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The city of Amman, where many refugees in Jordan have settled.


Like Syria and Lebanon, Jordan has been a host country for both Iraqi refugees and Palestinians in the past decades. However, the country has few natural resources, significant unemployment, and depends significantly on foreign aid. These factors have both limited its capacity to absorb refugee populations, and led to increasing public protests and calls for reform. Although not signatory to the Refugee Convention, the Jordanian government remains open to working with international actors inside its borders to address humanitarian concerns.

Current Humanitarian Situation

As of July 2013, roughly over 420,000 Syrian refugees had registered in Jordan after fleeing violence in their home country, though the government estimates it is actually hosting 600,000 or more. This large influx is a cause of concern within the government. Syrian refugees were initially taken to transit centers on the northern border, they could be bailed out by Jordanian nationals and then join friends or family members in host communities. However, in July 2012, Jordan opened a large refugee camp for up to 150,000 people in response to the overwhelming number of arrivals and the difficulty of providing services to what had been a widely dispersed population.

Tens of thousands of Syrian refugees will remain outside the camp in urban settings and will need support from the UN High Commissioner for Refugees (UNHCR) and its partners as the cost of food and shelter continues to rise. Donors have recognized the importance of supporting the host communities as well as the refugees, but funds have been slow to arrive.

Iraqi refugees began arriving in Jordan in large numbers in 2003, and the government estimates that 450,000 may be in the country. The UNHCR, meanwhile, has only registered 32,000. As in Lebanon, the UNHCR provides services so that Iraqi refugees can survive, but Iraqis generally cannot obtain legal status in Jordan, nor can they return to Iraq safely. Their most likely prospect for a long-term solution is resettlement – usually a long and slow process..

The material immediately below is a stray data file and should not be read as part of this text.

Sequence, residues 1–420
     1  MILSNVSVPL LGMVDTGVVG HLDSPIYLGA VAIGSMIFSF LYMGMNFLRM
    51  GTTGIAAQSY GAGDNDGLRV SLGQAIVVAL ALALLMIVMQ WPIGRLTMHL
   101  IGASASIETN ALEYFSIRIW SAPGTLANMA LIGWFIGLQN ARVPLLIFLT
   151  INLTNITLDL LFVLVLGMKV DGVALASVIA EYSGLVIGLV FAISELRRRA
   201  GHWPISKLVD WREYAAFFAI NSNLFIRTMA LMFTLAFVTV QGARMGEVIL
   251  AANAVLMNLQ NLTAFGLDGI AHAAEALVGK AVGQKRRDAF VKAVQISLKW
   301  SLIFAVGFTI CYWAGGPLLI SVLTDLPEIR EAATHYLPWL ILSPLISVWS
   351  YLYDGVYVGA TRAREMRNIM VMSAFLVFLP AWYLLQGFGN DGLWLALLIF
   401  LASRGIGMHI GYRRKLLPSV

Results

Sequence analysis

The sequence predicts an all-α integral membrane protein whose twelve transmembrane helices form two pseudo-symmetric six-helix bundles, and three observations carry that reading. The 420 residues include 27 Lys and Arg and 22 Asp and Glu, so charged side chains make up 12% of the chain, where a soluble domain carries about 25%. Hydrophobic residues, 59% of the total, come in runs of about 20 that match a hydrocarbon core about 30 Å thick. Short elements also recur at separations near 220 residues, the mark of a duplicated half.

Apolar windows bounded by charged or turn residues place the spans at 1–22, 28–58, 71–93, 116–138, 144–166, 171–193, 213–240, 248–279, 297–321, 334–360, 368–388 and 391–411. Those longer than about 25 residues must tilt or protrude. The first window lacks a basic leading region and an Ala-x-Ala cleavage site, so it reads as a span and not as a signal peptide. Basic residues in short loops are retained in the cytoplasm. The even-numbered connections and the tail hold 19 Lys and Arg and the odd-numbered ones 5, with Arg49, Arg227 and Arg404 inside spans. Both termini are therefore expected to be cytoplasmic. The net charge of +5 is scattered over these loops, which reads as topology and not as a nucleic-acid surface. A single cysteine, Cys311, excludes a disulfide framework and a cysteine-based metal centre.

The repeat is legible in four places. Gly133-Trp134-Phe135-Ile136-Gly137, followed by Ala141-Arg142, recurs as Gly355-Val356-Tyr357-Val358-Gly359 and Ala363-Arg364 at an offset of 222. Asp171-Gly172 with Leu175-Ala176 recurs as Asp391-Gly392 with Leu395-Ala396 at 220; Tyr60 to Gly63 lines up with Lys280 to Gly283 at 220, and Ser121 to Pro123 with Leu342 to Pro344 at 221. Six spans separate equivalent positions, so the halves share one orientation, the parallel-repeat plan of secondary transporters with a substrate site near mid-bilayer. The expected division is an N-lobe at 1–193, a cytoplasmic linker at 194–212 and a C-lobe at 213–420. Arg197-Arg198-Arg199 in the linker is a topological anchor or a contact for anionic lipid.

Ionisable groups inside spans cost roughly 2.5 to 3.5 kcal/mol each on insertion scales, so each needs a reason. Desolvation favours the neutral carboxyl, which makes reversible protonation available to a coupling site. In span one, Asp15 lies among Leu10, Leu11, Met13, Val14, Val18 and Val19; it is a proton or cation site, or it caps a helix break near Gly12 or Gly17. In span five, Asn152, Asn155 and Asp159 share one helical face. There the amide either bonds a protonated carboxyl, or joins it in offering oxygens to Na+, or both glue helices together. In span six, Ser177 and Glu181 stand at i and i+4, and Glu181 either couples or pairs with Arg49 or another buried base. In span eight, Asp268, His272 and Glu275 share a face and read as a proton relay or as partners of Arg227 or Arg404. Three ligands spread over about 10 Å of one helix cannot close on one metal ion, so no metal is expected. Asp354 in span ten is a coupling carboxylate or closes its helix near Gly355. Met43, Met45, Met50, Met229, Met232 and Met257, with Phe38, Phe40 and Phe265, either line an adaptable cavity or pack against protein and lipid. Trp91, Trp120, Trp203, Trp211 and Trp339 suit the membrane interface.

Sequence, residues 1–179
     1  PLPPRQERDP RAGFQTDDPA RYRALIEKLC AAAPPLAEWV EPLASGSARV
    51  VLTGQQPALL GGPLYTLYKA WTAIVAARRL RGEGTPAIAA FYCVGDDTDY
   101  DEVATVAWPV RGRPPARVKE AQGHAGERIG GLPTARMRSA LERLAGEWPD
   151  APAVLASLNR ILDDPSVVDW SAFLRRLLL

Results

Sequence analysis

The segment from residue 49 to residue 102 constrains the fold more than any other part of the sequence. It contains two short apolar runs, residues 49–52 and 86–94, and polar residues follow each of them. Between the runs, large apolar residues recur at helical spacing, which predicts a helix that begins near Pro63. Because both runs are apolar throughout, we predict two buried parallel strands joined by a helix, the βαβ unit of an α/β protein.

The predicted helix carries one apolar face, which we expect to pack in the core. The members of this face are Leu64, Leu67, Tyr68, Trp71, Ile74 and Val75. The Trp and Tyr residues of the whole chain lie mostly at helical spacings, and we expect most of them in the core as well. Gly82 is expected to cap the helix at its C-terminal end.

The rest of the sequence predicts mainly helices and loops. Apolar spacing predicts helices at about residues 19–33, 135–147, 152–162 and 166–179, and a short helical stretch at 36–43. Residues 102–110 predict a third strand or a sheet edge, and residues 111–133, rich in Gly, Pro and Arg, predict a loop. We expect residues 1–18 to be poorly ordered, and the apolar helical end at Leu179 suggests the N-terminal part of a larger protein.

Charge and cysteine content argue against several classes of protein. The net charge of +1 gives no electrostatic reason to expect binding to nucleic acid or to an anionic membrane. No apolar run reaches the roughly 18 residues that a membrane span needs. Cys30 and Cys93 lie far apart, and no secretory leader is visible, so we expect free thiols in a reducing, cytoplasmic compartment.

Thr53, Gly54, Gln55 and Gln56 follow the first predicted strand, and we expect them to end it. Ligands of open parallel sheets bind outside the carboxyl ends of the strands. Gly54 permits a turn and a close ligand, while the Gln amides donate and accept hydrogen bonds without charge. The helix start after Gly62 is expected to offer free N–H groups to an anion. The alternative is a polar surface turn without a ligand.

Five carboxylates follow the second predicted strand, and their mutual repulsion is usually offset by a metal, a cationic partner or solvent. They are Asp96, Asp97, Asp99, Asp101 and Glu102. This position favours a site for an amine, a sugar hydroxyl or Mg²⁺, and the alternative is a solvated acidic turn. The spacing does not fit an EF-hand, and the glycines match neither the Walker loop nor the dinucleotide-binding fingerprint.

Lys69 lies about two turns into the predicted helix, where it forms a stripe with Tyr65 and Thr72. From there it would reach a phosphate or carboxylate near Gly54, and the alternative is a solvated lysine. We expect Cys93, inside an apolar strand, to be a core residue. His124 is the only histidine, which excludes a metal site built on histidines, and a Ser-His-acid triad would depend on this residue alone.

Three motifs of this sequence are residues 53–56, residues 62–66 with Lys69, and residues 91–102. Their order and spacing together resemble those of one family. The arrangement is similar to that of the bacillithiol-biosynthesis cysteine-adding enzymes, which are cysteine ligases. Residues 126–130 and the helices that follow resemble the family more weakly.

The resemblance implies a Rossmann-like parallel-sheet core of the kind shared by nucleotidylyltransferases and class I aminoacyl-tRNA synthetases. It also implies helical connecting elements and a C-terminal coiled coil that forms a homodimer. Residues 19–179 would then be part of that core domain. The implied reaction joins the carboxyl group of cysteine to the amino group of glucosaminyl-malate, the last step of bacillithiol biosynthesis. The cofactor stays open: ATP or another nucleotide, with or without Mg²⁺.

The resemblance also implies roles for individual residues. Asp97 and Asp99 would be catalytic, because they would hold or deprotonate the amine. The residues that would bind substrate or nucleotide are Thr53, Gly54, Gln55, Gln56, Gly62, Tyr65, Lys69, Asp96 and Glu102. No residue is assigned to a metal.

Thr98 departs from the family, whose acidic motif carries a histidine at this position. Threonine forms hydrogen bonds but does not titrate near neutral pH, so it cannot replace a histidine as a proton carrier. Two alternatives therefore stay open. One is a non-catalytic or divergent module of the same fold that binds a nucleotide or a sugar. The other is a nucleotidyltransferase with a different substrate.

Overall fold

Jordan’s Palestinian population is generally thought to include about half of the country’s total population. Many Palestinians hold Jordanian citizenship, and on paper have the same rights as other Jordanian citizens. Nonetheless, there are reports of discrimination –especially in education and employment opportunities – and several hundred thousand Palestinians have been forced to live in camps by poor socioeconomic conditions. The United Nations Relief and Works Agency (UNRWA) assists these camp populations.

Field Reports
  • 02/04/2014
    With the support of donor states and the humanitarian community, the Kurdistan Regional Government and Jordan have done a remarkable job in responding to the immediate challenges of the refugee influx. But the limitations of emergency assistance are becoming clear. A new and longer-term approach is now required – one that gives more attention to the situation of refugees living outside of camps, provides greater support to the communities most directly affected by the refugees’ presence, and entails more extensive engagement by development organizations.
  • 12/05/2012
    The civil war in Syria has forced large numbers of Syrians from their homes, and in many cases from the country entirely. Refugees continue to flee in record numbers, and there are currently almost 400,000 registered or waiting for registration in Iraq, Jordan, Lebanon, and Turkey combined. The United Nations has said it expects this number could reach 700,000 by December 31, 2012. About half of all the registered Syrians are living in camps, but the other half remain in local host communities trying to get by on their own.
In Depth Reports
  • 03/22/2007
    Four years after the U.S. launched its attack against Iraq, the civil war there has produced a humanitarian crisis marked by the world’s fastest growing refugee and internally displaced populations. But Iraq, Washington and the U.N. do not acknowledge the magnitude of the humanitarian crisis. This has led to an inadequate response, both within Iraq and in the region.
RI has consistently recommended more support for services that assist Syrian refugees outside of camps. Even as many large aid agencies and non-governmental organizations established programming in camps, RI repeatedly noted the lack of support for those living outside of them and requested that donors and service providers pay more attention to this enormous population. Finally, as part of its 2014 regional response plan for Syria, the UN Refugee Agency announced that it would specifically focus more of its efforts on non-camp refugees in the region.